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Douglas P. Kight: Vice President, Human Resources, Boeing Commercial Airplanes

W. James (“Jim”) McNerney, Jr.: Chairman of the Board, President, and Chief Executive Officer, The Boeing Company

 

James Proulx: Manager, Boeing Commercial Airplanes News and Media Patrick (“Pat”) Shanahan: Vice President and General Manager, Airplane Programs, Boeing Commercial Airplanes

 5.

Eugene Woloshyn: Vice President, Labor Relations, The Boeing Company

(a) The allegations contained in Paragraph 5(a) state legal conclusions for which

no response is required, but to the extent a response is required, Boeing admits that the production and maintenance employees in Washington State constituted a “Unit” for collective bargaining purposes. (b) The allegations contained in Paragraph 5(b) state legal conclusions for which no response is required, but to the extent a response is required, Boeing admits that the production and maintenance employees in the Portland, Oregon area constitute a “Unit” for collective bargaining purposes. (c) Boeing admits the allegations of Paragraph 5(c). (d) Boeing admits the allegations of Paragraph 5(d). 6. Boeing denies the introductory sentence to Paragraph 6, and specifically denies

that, it “removed” or “had removed work” from its facilities in Everett, Washington or Portland, Oregon because Unit employees had struck Boeing, and also specifically denies that it threatened or impliedly threatened that those facilities would lose additional work in the event of future Unit strikes. As to the lettered subparagraphs:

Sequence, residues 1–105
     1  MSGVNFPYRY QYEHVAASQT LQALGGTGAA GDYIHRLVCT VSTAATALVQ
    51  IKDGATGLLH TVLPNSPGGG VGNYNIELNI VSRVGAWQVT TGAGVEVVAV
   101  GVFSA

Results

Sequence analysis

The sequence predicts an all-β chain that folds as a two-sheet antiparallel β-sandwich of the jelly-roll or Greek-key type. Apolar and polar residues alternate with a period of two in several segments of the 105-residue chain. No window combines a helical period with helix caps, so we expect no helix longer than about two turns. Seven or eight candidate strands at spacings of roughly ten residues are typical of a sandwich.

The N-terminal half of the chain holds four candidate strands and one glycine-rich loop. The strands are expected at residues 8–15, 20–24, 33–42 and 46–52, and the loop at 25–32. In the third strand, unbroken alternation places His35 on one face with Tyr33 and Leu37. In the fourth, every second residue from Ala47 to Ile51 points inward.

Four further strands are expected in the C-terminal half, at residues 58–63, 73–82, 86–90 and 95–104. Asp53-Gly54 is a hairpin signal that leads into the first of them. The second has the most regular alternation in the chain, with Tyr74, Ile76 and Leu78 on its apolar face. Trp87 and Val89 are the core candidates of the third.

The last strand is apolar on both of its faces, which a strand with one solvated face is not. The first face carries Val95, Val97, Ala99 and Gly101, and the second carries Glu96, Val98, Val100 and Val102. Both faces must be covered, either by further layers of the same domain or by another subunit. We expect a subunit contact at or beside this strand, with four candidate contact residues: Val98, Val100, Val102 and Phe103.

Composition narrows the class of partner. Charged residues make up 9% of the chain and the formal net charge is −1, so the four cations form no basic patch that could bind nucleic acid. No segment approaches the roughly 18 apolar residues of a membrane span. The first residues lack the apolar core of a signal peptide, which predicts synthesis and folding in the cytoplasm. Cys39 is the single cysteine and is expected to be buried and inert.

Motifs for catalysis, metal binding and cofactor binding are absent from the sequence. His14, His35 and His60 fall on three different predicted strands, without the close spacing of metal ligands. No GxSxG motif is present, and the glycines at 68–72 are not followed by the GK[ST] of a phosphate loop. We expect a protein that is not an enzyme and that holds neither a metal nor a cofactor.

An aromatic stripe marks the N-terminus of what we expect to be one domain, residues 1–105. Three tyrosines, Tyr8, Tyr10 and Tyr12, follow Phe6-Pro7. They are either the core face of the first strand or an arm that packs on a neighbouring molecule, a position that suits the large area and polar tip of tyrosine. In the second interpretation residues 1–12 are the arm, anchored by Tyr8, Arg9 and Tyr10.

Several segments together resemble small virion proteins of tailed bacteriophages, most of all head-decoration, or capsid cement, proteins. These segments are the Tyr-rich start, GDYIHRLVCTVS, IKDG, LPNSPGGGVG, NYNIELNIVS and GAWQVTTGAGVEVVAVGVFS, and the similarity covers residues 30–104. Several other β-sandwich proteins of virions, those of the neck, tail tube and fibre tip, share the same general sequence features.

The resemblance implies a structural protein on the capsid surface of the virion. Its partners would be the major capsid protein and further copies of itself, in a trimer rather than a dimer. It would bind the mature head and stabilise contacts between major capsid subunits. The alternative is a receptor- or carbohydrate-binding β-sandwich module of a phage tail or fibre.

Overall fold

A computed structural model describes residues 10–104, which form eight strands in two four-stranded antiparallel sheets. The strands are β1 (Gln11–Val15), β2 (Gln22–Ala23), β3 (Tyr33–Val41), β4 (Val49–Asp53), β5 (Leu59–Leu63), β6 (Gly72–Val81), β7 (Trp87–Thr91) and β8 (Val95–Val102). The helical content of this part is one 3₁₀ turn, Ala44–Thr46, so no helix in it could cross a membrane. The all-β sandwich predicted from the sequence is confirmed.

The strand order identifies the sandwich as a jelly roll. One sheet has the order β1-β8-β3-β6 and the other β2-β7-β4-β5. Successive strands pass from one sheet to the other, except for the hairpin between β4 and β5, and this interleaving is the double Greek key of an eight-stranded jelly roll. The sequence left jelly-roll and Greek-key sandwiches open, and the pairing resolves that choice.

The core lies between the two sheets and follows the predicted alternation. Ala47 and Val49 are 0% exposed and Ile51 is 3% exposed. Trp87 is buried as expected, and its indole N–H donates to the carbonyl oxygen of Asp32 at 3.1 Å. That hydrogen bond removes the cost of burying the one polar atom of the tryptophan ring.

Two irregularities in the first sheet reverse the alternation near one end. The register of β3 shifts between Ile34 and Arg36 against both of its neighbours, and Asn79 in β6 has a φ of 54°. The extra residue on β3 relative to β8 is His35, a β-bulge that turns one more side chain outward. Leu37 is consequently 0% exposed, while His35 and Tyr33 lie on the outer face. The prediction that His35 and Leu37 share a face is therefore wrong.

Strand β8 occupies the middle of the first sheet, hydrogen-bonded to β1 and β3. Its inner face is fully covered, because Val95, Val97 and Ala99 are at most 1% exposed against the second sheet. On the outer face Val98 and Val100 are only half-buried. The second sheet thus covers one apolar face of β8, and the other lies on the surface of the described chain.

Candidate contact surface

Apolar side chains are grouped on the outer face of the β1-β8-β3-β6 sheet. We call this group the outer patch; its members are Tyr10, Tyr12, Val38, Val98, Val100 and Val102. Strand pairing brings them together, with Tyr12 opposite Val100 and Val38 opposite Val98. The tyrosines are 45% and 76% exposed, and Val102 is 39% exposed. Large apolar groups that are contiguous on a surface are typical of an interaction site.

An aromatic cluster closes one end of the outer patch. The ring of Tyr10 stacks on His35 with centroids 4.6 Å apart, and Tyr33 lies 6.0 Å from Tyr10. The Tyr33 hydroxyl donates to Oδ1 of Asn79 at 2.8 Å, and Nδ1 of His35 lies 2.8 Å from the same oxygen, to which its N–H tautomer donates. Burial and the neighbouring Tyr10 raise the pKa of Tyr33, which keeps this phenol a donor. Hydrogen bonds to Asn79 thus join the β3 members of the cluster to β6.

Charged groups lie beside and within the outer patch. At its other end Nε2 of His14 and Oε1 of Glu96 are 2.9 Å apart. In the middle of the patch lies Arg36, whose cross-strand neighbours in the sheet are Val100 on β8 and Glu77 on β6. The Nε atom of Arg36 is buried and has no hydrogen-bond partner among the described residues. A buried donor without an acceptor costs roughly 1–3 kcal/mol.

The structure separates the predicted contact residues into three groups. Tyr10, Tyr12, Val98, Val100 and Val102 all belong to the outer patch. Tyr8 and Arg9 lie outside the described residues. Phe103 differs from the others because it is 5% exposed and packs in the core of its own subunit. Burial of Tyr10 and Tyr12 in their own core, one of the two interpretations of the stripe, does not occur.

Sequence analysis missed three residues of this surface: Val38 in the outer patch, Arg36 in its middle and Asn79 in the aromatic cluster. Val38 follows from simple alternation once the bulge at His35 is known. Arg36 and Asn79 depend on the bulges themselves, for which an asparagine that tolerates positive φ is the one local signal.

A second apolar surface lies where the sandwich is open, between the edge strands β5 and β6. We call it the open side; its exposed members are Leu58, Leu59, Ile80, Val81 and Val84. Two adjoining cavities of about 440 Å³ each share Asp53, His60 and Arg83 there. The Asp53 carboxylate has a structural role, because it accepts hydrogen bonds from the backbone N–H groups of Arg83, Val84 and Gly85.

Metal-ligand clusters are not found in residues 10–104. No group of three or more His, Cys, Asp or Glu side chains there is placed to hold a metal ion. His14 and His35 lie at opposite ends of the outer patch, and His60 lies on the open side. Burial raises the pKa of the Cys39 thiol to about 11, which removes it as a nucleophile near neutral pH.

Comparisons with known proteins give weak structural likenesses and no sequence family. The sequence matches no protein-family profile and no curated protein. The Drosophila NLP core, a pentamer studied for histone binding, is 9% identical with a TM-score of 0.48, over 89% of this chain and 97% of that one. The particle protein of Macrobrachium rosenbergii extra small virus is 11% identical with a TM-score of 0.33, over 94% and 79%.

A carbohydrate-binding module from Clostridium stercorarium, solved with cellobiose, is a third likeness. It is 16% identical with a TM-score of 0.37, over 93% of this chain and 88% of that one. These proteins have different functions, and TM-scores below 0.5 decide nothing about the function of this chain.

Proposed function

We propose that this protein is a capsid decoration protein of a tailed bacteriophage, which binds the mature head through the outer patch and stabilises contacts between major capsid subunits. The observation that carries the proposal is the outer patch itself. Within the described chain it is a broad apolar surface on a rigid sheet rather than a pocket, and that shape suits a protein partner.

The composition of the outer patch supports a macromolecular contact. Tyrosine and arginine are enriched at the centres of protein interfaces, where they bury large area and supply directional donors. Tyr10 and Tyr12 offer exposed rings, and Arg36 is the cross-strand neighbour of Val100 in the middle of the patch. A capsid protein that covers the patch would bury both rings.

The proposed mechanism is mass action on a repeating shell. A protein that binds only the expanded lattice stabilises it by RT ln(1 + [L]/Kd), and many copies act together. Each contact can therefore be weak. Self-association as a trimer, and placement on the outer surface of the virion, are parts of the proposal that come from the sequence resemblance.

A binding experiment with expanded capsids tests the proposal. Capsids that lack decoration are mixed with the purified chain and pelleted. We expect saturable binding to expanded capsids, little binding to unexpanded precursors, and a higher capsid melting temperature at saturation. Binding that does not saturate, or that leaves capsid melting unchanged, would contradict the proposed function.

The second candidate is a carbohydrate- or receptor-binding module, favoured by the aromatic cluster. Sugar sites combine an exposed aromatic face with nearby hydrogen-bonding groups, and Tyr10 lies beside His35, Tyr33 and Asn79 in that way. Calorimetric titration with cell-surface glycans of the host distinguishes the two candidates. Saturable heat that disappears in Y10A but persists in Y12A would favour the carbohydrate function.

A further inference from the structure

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(a) Boeing denies the allegations of Paragraph 6(a), except to admit that its President, Chairman and CEO James McNerney, participated in an earnings conference call on October 21, 2009; and Boeing specifically denies that Mr. McNerney made an “extended statement” or any statement about moving 787 Dreamliner work to South Carolina due to “strikes happening every three or four years in Puget Sound.” Boeing admits that the referenced newspaper articles appeared in The Seattle Post-Intelligencer and The Seattle Times. (b) Boeing denies the allegations of Paragraph 6(b), and further states that the referenced October 28, 2009 memorandum speaks for itself. (c) Boeing denies the allegations of Paragraph 6(c), except to admit that the referenced newspaper article appeared in The Seattle Times on December 7, 2009. (d) Boeing denies the allegations of Paragraph 6(d), except to admit that the referenced newspaper article appeared in The Puget Sound Business Journal on December 8, 2009. (e) Boeing denies the allegations of Paragraph 6(e), except to admit that a Seattle Times reporter conducted a video-taped interview of Mr. Albaugh and that the tape speaks for itself. 7. (a) Boeing denies the allegations of Paragraph 7(a), and specifically denies that it